The indictment alleges that the hacking campaign took place between at least October 2016 and October 2022 and targeted current and former employees of the U.S. Intelligence Community, Department of Defense, Department of State, defense contractors, and Department of Energy facilities.

The spear phishing campaign often was carried out by sending “sophisticated looking emails” that tricked the targets into providing their log-in credentials, thereby allowing the hackers to access the victims’ email accounts whenever they wanted to, the DOJ said.

Some of the emails were sent from “spoofed” accounts designed to look like other personal and work-related emails the victims would receive, the DOJ said. Sometimes, the emails claimed the users had violated terms of service on an account and had to log in via a provided link. When the users thought they were signing into their accounts, they were actually providing the account credentials to hackers, the DOJ said.

U.S. officials pointed to the indictments as evidence that Russia still is trying to target democratic elections, and they pledged to hold Russia accountable.

“Today’s indictment is part of a coordinated international response to send a message to the conspirators that the whole of the United States government stands together and with our partners internationally to identify and disrupt cyber espionage actors, particularly those seeking to obtain government information and attempting to create chaos in democratic processes,” U.S. attorney for the Northern District of California, Ismail Ramsey, said in the press release.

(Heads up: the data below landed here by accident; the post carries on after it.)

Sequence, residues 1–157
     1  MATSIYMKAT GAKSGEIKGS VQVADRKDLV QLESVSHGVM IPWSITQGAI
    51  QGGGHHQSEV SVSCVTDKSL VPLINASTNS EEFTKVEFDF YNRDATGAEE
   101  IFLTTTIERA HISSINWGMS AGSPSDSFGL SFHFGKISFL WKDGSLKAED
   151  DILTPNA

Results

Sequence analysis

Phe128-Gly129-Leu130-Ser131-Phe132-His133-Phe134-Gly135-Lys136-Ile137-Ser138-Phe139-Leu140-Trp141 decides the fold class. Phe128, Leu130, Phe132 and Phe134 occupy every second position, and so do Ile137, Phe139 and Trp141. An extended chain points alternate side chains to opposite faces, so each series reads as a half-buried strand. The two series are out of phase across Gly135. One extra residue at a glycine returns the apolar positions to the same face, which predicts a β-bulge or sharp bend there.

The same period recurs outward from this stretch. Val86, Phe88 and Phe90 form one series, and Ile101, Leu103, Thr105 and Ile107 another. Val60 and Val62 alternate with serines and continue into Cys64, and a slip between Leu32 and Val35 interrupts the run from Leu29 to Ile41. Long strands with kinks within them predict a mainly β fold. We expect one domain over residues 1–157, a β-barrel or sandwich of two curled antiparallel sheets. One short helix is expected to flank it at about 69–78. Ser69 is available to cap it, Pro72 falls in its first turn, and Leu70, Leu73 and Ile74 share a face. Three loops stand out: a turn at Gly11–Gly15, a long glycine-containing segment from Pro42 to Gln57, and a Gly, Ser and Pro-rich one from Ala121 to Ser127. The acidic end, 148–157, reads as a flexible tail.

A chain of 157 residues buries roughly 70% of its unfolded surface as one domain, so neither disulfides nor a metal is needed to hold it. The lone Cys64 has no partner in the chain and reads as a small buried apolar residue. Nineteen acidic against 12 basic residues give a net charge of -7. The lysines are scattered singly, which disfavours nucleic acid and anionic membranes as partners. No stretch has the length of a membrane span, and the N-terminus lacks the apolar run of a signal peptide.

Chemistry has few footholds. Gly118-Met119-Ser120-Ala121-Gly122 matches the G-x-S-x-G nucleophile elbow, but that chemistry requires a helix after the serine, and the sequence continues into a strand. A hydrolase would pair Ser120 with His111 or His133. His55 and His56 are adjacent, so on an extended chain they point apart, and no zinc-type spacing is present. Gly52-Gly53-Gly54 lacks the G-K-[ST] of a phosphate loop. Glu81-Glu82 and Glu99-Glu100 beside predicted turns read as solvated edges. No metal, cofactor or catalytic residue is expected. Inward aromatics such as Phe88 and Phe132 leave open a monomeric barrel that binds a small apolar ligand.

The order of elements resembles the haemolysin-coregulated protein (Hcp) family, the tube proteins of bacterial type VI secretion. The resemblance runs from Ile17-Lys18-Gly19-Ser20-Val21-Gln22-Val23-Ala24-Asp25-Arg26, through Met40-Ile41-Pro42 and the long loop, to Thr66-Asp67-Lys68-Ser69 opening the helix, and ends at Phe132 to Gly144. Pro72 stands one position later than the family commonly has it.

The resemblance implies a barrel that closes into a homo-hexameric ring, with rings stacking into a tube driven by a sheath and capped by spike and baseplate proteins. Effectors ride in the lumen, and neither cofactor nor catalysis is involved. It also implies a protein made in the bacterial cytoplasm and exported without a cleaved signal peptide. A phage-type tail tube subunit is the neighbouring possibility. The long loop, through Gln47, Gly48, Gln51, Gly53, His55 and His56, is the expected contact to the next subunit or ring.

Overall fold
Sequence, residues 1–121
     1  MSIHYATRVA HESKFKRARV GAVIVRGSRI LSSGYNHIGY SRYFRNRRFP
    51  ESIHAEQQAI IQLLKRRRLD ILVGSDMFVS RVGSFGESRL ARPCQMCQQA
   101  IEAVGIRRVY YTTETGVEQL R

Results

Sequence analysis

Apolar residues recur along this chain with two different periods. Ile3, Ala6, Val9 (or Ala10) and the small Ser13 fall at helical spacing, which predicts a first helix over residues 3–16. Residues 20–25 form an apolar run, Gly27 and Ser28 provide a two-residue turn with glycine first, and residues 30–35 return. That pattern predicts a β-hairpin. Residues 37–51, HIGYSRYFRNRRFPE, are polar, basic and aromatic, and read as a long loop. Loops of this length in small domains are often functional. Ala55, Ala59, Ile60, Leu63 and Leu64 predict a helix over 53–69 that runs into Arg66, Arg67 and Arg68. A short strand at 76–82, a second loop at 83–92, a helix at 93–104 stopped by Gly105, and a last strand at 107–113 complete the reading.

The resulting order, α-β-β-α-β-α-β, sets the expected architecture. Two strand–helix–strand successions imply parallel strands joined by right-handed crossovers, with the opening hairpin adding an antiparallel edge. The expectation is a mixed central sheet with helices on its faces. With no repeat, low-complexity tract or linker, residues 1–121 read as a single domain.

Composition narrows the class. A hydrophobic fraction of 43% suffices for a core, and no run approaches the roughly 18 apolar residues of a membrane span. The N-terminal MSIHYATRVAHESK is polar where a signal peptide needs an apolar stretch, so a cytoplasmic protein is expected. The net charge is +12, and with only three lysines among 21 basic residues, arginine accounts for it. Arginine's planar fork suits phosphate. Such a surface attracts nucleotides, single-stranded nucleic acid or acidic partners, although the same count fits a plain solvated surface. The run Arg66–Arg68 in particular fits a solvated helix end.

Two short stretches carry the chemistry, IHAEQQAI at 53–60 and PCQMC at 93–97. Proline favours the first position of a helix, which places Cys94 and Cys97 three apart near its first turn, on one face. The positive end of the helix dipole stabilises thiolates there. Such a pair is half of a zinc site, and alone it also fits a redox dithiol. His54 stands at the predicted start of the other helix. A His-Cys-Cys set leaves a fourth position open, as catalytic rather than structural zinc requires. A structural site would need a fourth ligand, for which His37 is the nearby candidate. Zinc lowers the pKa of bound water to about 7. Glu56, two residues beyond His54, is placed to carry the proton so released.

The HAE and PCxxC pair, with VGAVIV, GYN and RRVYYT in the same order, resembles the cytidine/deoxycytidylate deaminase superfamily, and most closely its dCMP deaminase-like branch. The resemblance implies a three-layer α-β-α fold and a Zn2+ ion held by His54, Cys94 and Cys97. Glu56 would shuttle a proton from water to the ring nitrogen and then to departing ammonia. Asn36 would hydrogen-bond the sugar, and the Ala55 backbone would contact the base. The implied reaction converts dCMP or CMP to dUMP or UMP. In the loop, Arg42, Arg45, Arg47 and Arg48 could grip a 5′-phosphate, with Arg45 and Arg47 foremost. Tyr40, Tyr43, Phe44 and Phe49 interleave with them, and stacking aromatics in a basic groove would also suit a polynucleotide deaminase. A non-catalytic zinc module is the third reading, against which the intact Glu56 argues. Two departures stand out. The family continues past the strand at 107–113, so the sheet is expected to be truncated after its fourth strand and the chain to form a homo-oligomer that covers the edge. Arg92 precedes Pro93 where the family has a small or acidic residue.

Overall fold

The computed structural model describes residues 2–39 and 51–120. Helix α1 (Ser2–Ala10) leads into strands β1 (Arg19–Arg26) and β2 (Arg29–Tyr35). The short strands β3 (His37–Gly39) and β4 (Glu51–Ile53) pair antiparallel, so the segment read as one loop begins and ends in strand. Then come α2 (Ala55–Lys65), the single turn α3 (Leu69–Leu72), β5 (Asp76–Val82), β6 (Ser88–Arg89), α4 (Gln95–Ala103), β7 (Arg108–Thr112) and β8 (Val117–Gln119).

Assistant Attorney General Matthew Olsen claimed that the indictment reveals that the “Russian government continues to target the critical networks of the United States and our partners,” and he pledged to hold them accountable.

“Through this malign influence activity directed at the democratic processes of the United Kingdom, Russia again demonstrates its commitment to using weaponized campaigns of cyber espionage against such networks in unacceptable ways,” Olsen said. “The Department of Justice will respond to such behavior with an even more determined commitment to disrupt those activities and to hold accountable the individuals responsible.”


Keeping children safe in a rapidly changing digital landscape

Twenty years after starting as an intern at an organization to help create a safe media environment for children, Josh Golin is leading the group’s efforts as its executive director.  

The mission of Fairplay for Kids, formerly known as the Campaign for a Commercial-Free Childhood, has stayed the same. But along the way, Golin, who took over as executive director in 2015, has seen how its target shifts.

“When I started doing this work, we were primarily focused on things like television commercials, and junk food marketing to kids and the childhood obesity epidemic,” he told The Hill in a recent interview.